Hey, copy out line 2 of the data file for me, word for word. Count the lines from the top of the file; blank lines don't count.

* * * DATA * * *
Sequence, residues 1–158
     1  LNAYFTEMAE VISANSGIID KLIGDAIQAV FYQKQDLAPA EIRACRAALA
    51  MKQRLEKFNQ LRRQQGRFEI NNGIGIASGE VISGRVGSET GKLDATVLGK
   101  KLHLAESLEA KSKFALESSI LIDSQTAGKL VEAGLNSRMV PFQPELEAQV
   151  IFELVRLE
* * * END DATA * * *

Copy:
     1  LNAYFTEMAE VISANSGIID KLIGDAIQAV FYQKQDLAPA EIRACRAALA